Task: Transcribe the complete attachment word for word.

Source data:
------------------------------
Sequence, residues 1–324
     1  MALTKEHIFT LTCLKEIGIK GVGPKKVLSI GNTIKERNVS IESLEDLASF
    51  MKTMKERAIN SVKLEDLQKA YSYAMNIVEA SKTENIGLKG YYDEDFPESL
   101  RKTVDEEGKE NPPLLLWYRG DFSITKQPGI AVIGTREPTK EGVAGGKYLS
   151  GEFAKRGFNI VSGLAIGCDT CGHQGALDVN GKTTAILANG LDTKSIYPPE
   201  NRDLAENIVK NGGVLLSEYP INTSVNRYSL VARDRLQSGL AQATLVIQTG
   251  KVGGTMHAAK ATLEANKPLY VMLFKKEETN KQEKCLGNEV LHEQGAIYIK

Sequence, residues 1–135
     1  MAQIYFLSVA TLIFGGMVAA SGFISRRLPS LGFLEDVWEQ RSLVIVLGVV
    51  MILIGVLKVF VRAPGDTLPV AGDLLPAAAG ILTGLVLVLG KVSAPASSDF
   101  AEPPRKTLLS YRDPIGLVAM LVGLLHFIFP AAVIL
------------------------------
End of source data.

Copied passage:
Sequence, residues 1–324
     1  MALTKEHIFT LTCLKEIGIK GVGPKKVLSI GNTIKERNVS IESLEDLASF
    51  MKTMKERAIN SVKLEDLQKA YSYAMNIVEA SKTENIGLKG YYDEDFPESL
   101  RKTVDEEGKE NPPLLLWYRG DFSITKQPGI AVIGTREPTK EGVAGGKYLS
   151  GEFAKRGFNI VSGLAIGCDT CGHQGALDVN GKTTAILANG LDTKSIYPPE
   201  NRDLAENIVK NGGVLLSEYP INTSVNRYSL VARDRLQSGL AQATLVIQTG
   251  KVGGTMHAAK ATLEANKPLY VMLFKKEETN KQEKCLGNEV LHEQGAIYIK

Sequence, residues 1–135
     1  MAQIYFLSVA TLIFGGMVAA SGFISRRLPS LGFLEDVWEQ RSLVIVLGVV
    51  MILIGVLKVF VRAPGDTLPV AGDLLPAAAG ILTGLVLVLG KVSAPASSDF
   101  AEPPRKTLLS YRDPIGLVAM LVGLLHFIFP AAVIL